7. We have a couple of Buddhist vegetarian places here and I love going there from time to time. One, San San Tofu, is a grocery/household goods store with a steam table restaurant. The combo meals are a fantastic bargain and the vegetarian dim sum is great and I've bought some of the frozen mock meats (chicken meatballs, dumplings, etc.) I'm thinking they may have a book section somewhere in the store that I haven't noticed before. I'll try to get over there in a few days and see, maybe at least get some titles for you? Another thought - is there a Buddhist temple in Phoenix? Th
  8. Very interesting. I ate at Tocabe when I passed through Denver a year and a half ago - just one meal, wish I could have sampled more.
  9. The signage in my store identifies it as a cheddar. Nothing on the package that I could find, however.
  10. The soup and the bread are calling to me.
  11. brucesw

    Jack in the Box

    Flipping thru my grocery circulars this week I came across a fold-out flyer for JITB's Food Truck Series. Mostly the flyer is coupons for regular menu items but there's one coupon for a Food Truck Series combo meal for $5. The front and back of the flyer introduce the FTS - three sandwiches on a 'new toasted baguette:' An Asian Fried Chicken sandwich with Gochujang mayo, a Prime Rib Cheesesteak with cheesy garlic sauce, and a Pork Belly BLT with tangy honey aoili. I'm not falling for the 'prime rib' but I must admit the other two interest me. Here's the web page; clic
  12. The menu. Looks very good but I'm wanting to see the meat pounded thinner (PTL on the brain, here ).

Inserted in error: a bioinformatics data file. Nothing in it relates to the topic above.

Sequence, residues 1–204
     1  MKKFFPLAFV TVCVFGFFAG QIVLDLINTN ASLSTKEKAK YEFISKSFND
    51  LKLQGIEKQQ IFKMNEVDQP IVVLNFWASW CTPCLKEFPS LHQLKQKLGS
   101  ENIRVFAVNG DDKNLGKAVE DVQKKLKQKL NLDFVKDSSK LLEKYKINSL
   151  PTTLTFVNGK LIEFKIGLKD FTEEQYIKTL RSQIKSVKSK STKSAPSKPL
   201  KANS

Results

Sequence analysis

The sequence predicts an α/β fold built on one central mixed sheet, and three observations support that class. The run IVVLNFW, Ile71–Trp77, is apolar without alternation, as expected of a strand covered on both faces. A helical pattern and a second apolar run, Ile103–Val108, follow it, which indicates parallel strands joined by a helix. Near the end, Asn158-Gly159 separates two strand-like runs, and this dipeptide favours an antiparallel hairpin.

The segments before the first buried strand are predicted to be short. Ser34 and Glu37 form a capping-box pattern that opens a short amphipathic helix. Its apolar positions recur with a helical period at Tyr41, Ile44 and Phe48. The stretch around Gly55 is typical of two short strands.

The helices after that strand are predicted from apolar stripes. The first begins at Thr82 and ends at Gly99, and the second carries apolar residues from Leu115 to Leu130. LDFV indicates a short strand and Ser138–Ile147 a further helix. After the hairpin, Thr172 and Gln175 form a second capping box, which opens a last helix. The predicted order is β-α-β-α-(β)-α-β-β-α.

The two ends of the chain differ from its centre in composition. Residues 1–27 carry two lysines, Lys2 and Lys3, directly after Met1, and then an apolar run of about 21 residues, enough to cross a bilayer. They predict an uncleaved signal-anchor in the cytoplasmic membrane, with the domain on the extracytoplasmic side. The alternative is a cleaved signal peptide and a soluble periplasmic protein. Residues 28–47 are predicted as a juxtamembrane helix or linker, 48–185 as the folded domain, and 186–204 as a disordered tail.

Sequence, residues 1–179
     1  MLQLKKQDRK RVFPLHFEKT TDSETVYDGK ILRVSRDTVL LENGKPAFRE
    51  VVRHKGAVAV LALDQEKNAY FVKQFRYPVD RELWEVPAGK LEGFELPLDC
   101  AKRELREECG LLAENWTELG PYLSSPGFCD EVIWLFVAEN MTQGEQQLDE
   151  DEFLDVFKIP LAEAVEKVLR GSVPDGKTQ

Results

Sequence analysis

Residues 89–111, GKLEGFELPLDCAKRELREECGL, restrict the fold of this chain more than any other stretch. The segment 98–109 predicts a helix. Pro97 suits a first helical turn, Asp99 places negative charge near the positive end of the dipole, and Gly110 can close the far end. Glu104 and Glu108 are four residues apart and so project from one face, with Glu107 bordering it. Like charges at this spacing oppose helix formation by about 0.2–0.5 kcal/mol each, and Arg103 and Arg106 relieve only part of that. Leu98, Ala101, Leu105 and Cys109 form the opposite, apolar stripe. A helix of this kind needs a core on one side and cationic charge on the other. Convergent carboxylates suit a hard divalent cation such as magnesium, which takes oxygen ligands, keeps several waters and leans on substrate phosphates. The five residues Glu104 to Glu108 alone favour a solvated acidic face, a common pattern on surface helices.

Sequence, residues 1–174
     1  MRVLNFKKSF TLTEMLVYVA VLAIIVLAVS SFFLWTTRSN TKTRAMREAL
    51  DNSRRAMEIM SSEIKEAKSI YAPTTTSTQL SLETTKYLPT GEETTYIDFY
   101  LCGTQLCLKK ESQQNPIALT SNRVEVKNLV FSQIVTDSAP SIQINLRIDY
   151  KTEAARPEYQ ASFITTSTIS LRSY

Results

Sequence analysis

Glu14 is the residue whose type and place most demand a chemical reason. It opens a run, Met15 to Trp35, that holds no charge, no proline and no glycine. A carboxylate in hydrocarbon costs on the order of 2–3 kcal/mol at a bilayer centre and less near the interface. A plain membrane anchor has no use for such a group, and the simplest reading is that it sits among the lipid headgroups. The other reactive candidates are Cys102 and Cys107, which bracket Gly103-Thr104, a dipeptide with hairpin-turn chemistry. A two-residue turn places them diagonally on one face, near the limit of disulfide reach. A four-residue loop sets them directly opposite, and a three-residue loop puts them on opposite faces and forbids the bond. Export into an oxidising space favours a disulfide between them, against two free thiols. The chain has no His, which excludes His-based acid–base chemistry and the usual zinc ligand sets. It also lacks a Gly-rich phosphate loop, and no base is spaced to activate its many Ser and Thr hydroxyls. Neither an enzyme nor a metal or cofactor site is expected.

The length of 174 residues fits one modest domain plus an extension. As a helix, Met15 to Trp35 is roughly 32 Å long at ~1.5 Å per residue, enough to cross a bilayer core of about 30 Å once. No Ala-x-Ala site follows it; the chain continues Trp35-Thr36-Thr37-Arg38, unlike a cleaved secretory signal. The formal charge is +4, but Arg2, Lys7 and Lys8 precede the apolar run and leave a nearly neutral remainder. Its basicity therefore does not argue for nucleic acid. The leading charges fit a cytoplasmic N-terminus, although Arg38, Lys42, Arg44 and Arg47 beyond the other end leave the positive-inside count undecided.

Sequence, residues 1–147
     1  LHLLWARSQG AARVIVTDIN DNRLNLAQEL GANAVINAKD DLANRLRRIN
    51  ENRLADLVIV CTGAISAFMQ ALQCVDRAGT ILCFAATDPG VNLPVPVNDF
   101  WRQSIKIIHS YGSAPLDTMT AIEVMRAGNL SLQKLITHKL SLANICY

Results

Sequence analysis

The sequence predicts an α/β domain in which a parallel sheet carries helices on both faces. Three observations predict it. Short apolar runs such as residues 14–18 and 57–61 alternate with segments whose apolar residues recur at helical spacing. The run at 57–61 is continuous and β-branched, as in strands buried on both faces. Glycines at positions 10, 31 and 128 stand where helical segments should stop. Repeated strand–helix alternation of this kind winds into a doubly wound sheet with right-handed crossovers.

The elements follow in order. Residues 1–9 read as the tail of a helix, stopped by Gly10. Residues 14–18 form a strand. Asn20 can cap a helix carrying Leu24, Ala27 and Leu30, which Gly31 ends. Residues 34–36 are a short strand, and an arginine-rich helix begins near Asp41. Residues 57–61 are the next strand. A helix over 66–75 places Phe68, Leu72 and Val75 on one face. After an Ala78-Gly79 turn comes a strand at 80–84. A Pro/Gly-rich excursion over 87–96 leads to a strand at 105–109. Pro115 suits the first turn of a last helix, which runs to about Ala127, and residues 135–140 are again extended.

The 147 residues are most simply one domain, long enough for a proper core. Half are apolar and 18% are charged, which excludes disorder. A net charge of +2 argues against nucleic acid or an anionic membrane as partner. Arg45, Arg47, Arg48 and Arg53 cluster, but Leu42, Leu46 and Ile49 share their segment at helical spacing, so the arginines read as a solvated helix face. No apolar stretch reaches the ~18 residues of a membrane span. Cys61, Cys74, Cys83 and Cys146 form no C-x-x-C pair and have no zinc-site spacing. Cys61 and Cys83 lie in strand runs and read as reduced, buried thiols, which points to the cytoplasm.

13. I came across Piknik a few years back in a little store on the south side in a neighborhood where there were several businesses run by refugees from Katrina who stayed on here in Houston. I seem to remember something claiming it was a favorite in New Orleans, but that may have been for one of the other products I'd never seen here before. I remember being surprised it was made in Alabama. They had Cheewees and Louisiana style hot sausage and some other products, a lunch counter with po'boys and fried chicken (neither very impressive). I'm perilously low on Duke's and I think I'm up to try
  14. I have seen the SnoBalls, not sure if I've seen the Twinkies, at both HEB and Walmart in Houston. Displayed alongside Dreyer's; cartons are the same shape and size and price so I suspect Dreyer's/Edy's is producing the brand. Never was a Hostess fan; mother loved to bake so we always had home-made pies, cookies, cakes, etc., and home-made ice cream regularly in the summertime. I'd buy an individual portion out of curiosity but I don't want a whole carton to have to finish off.
  15. I am frustrated that the board software does not let me 'like' some posts multiple times! I am loving this. I was going to ask what body of water was pictured in your first post - you have answered that. We have a substantial expat community from Kerala in the Stafford/Missouri City suburbs of Houston and I have eaten at all of the restaurants there - none of which, unfortunately, are as seafood oriented as this last post. I hope you have much more to share.
×
×
  • Create New...